NPR's Backseat Book Club
6:25 pm
Mon April 15, 2013

Following The Yellow Brick Road Back To The Origins Of 'Oz'

Originally published on Thu May 23, 2013 5:24 pm

It's safe to say that most Americans are familiar with the classic film featuring a stumbling Scarecrow, a rusted Tin Man, the Cowardly Lion and Dorothy, played by actress Judy Garland, clad in gingham and braids.

Over the years, The Wizard of Oz has been a popular and profitable franchise, producing toys, Halloween costumes, ruby slipper replicas and several Broadway and Hollywood spinoffs. A new retelling of the classic story hit theaters in March — Oz the Great and Powerful is a Disney film meant to be a prequel explaining how the Wizard found the Land of Oz in the first place.

NPR's Backseat Book Club is going back to where the Yellow Brick Road began with the original book that started it all, The Wonderful Wizard of Oz. First published more than 100 years ago, it was an immediate hit.

The author, L. Frank Baum, was a jack-of-all-trades businessman who lived all over America. And he loved telling bedtime stories to his children.

Few know more about Baum and his Oz books than children's book historian Michael Patrick Hearn. Among other things, he is the editor of The Annotated Wizard of Oz, a special centennial edition of the book that looks at the history, the trivia and the personal story of L. Frank Baum.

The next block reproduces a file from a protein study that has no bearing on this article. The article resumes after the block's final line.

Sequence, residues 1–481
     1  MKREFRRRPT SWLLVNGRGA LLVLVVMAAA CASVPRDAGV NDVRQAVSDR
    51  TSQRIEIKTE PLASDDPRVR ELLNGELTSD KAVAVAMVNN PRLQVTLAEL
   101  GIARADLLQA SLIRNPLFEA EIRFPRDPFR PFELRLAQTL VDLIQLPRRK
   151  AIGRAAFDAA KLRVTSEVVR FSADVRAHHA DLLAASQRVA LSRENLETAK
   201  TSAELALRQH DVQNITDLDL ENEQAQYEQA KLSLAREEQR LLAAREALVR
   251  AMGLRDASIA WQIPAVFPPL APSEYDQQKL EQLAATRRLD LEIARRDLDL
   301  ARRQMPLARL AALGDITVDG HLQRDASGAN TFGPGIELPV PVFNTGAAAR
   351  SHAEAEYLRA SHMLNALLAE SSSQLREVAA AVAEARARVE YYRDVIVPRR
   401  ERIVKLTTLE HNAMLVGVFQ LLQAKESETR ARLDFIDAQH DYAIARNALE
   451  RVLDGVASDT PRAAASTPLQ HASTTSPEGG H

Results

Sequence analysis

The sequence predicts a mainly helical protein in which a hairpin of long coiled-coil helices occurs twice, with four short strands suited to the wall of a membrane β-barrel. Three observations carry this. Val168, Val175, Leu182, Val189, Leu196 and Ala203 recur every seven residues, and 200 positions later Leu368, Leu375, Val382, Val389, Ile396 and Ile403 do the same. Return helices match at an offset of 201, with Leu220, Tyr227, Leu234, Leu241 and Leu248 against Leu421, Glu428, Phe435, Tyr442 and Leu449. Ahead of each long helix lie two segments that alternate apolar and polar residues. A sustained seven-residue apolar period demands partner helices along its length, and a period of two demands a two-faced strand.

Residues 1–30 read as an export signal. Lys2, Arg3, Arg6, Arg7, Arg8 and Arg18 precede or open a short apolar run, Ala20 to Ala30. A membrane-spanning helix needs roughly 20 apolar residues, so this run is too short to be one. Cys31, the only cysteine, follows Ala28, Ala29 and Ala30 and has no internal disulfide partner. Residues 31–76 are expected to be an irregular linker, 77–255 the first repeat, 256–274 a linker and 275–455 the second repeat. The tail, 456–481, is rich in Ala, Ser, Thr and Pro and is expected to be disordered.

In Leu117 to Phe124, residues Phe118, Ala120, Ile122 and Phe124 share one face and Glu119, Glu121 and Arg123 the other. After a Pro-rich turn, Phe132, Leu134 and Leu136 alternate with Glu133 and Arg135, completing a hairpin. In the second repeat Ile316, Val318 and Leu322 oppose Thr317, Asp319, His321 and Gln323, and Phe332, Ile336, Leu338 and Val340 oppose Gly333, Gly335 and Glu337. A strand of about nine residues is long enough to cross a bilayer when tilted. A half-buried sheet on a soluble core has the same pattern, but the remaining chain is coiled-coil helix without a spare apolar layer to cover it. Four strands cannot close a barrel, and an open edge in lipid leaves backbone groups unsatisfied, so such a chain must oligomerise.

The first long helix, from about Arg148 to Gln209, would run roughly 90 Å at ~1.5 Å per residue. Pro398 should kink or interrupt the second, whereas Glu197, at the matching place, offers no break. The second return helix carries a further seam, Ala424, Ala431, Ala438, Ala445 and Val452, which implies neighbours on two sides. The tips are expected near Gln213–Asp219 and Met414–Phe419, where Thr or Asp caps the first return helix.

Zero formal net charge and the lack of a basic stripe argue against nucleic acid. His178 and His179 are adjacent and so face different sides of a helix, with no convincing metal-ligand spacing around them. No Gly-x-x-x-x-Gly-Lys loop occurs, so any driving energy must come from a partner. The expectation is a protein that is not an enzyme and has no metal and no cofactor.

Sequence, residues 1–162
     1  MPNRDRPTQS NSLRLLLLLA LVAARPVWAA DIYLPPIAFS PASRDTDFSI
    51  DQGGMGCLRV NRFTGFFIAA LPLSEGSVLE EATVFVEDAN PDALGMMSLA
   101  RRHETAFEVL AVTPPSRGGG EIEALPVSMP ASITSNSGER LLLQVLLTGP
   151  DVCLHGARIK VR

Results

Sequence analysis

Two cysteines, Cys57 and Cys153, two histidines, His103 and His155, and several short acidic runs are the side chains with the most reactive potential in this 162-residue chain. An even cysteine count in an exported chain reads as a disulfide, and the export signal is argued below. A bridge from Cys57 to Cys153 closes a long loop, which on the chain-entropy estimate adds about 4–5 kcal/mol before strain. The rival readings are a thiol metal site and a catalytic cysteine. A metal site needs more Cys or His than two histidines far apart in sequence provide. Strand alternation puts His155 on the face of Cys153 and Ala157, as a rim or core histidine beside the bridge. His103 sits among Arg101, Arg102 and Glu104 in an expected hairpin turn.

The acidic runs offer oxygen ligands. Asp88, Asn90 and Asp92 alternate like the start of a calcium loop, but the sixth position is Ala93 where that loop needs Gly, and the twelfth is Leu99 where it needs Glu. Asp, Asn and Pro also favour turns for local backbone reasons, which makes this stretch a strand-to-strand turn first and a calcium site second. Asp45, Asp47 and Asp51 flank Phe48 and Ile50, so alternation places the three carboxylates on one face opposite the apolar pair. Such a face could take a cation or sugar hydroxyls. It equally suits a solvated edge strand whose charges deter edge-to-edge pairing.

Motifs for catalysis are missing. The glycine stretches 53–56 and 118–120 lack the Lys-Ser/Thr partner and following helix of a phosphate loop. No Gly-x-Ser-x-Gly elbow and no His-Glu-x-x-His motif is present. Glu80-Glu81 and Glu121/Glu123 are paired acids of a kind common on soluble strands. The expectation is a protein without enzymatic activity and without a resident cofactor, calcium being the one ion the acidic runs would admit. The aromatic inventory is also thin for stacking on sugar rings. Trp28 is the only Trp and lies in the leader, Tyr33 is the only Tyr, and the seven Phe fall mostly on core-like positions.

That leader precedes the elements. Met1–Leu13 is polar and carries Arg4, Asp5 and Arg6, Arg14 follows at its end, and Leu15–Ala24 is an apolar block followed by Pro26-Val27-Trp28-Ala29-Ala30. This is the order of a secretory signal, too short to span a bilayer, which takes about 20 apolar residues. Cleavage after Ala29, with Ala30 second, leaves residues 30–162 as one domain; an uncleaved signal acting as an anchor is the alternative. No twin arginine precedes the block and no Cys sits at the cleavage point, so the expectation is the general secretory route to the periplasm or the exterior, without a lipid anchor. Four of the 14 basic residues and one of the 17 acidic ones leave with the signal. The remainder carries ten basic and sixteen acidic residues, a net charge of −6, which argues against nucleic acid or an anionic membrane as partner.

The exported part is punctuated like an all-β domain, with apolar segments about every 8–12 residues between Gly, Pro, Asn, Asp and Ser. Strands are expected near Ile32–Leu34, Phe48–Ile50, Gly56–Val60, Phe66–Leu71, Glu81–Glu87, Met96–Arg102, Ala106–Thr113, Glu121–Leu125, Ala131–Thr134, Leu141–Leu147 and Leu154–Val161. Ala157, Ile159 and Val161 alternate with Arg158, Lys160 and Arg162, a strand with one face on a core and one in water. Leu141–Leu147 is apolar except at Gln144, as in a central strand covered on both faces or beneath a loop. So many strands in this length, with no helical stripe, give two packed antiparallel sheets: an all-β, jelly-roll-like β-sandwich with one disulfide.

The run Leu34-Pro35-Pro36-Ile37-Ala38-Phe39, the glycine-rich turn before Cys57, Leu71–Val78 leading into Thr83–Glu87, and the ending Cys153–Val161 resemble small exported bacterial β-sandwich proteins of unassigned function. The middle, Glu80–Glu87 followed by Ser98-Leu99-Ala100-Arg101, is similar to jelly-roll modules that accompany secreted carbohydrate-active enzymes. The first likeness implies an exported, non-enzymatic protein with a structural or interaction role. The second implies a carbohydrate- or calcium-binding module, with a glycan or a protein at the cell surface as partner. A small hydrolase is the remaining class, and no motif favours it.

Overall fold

Hearn says the Oz books — the title of which came from a label on one of Baum's filing drawers for letters O-Z — immediately captured his imagination.

"The strange characters, the strange things that happen, but it always was from a child's point of view," he says. "You always saw what happened in Oz through Dorothy's eyes. So you're traveling with that child, and seeing all these wonders as she's discovering them."

A group of second-graders from Cottage Hill Elementary School in Grass Valley, Calif., read the book and tagged along on Dorothy's adventures. Afterward, the students posed a few questions for Baum, which Hearn takes a stab at answering. First up: Why didn't Toto talk?

"L. Frank Baum later explained that in Tik-Tok of Oz, the seventh Oz book, Toto was actually asked why he never talked in Oz," Hearn says. "And he said he had nothing to say. Of course, Oz is a place where animals talk — the Cowardly Lion has no problem speaking. You know, it's also possible that Toto was born in America, and dogs in America don't talk."

Another question from the second-grade class was, why does the "wonderful" Wizard of Oz turn out to be such a "humbug"?

"I think that Baum was dealing with irony ... but he was emphasizing self-reliance," says Hearn. "You see that with the Scarecrow, too, and the Cowardly Lion. They all have the gifts that they seek, they just don't have a tangible symbol of what they want. ... And I think Baum's emphasizing this: that you have the powers within you all along. You just have to test them."